Alisa Valdes Talks about The Temptation
May 11, 2012 § 5 Comments
“The storm came out of nowhere.” —From The Temptation by Alisa Valdes
Alisa Valdes read from her new YA novel The Temptation at Bookworks in Albuquerque last week. From that first line, I was mesmerized. New Mexico storms are spectacular, but add a violent car crash, a circling pack of hungry coyotes, and a mysterious cowboy with unnerving powers, and you’ve got a storm to remember.
The Temptation, the first in Alisa Valdes’ Kindred trilogy, was released by HarperTeen on April 24, 2012. It is a supernatural suspense novel about two teens from opposite worlds who are kindred spirits. She’s urban prep school, he’s rural cowboy. That isn’t their biggest obstacle, however. Their biggest obstacle is that the boy is dead.
“The idea for this book came from somewhere other than me,” said Alisa. She knew she wanted to write a Romeo and Juliet ghost story, and originally her male lead was going to be a gang member. When she told people the idea, however, they weren’t sympathetic to the character, reformed or not. She was casting about for another opposite to her girl when she saw an article about two rodeo boys from Roswell. They were handsome young men, and one had just won a competition at a PRCA. And they were dead, victims of carbon monoxide poisoning while they slept in the camper of their truck. The tragedy struck Alisa, and her male lead, Travis Hartwell, was conceived. Her book is dedicated to the two young men who died.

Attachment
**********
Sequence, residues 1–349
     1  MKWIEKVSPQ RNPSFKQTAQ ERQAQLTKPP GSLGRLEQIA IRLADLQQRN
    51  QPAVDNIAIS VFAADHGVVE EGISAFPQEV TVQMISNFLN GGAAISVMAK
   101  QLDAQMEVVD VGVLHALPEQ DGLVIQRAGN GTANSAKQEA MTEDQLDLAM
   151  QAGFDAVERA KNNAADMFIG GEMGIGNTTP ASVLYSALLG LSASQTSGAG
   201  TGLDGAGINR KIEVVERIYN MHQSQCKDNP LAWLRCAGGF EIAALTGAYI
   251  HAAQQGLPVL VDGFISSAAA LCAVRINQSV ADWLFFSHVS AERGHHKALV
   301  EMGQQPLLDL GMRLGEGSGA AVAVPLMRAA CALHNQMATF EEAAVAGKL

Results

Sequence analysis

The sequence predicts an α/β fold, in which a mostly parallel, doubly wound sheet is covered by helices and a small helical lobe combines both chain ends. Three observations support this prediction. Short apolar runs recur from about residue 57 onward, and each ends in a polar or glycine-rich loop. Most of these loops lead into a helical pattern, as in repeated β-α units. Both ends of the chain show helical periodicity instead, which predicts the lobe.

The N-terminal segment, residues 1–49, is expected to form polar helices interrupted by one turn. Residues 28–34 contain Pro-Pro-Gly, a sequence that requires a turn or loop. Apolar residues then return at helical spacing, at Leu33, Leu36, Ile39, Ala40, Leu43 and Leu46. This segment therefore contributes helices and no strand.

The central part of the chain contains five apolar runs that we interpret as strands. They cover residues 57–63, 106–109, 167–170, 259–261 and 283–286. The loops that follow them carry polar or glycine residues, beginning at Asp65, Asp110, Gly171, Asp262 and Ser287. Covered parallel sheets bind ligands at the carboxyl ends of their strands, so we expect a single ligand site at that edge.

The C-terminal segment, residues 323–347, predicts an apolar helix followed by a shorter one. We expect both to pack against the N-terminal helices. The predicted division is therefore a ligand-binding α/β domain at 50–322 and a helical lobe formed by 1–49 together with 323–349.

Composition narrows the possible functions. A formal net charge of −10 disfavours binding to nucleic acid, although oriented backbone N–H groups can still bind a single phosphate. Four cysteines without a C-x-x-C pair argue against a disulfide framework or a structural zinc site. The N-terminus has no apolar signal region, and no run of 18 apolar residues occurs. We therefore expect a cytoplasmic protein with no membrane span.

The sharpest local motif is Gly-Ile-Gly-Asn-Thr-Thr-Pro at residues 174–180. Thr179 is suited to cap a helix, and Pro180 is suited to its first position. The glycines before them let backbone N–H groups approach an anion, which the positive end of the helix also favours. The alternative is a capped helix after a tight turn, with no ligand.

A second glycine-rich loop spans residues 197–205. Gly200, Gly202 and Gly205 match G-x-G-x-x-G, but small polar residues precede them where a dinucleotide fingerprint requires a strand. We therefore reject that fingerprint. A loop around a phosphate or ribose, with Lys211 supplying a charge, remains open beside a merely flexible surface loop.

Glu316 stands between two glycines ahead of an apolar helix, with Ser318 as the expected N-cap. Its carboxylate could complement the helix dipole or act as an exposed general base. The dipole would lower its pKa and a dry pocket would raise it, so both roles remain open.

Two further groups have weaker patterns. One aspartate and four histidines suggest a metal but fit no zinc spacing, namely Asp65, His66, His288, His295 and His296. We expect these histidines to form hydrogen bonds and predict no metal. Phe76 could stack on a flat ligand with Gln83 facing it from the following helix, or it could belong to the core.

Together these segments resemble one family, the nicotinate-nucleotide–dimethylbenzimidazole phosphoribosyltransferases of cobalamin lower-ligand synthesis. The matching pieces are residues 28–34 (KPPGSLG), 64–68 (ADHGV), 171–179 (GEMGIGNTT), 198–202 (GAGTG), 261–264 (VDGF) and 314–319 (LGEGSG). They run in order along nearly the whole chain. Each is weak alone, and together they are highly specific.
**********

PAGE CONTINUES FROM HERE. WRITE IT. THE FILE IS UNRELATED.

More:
As for the girl, Alisa wanted to create a female hero in a paranormal romance who is a stronger alternative to the Twilight-Bella mold. While the Twilight books tell a story of epic love and that is wonderful, Alisa feels girls should have something more than a hero who doesn’t go to college, gets pregnant, and wants to become a vampire. Enter Shane Clark, a girl who plays violin in the Albuquerque Youth Symphony, attends prep school on an arts scholarship, and has doubts about her boyfriend. Alisa even tried to inject some unconventional braininess into her hero, by having Shane solve one of the mysteries using algebra. HarperTeen nixed that idea. “They were like, ‘Keep the ghosts, no math,’” said Alisa.
I have started The Temptation and it is a fast, exciting read with evocative imagery. If you love paranormal romance and suspense and want something different than the vampires and werewolves fare, pick up this book.
Visit Alisa’s blog and learn more about her book The Temptation.
Read my post about Alisa’s talk at the Southwest Writers meeting in December 2011.